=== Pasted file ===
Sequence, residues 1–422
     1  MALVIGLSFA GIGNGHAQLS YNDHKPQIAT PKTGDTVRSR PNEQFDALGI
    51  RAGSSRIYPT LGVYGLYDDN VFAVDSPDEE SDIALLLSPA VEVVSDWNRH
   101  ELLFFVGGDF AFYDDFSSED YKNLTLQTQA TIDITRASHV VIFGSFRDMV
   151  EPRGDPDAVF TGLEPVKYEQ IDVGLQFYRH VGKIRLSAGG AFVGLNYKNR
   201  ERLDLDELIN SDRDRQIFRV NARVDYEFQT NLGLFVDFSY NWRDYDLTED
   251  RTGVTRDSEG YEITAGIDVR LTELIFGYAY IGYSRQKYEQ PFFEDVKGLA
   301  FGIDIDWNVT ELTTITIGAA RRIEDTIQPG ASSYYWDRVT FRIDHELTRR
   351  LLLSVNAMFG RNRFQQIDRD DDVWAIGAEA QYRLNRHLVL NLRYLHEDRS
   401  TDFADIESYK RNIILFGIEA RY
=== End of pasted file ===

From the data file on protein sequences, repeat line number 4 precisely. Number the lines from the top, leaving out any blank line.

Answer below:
   101  ELLFFVGGDF AFYDDFSSED YKNLTLQTQA TIDITRASHV VIFGSFRDMV